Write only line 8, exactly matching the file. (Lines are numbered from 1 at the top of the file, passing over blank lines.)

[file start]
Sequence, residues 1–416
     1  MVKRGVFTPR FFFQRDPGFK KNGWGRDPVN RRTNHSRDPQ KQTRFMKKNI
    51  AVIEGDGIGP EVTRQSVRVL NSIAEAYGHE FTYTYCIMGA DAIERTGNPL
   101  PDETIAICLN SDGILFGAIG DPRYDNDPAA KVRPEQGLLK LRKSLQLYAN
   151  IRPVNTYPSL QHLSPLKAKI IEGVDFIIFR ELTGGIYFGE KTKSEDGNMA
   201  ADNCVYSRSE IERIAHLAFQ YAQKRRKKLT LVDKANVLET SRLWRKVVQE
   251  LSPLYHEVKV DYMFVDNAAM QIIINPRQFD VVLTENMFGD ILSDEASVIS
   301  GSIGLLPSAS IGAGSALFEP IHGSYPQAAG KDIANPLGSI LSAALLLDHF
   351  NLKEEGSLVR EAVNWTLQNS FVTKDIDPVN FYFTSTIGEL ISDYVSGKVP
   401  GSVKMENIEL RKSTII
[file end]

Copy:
   301  GSIGLLPSAS IGAGSALFEP IHGSYPQAAG KDIANPLGSI LSAALLLDHF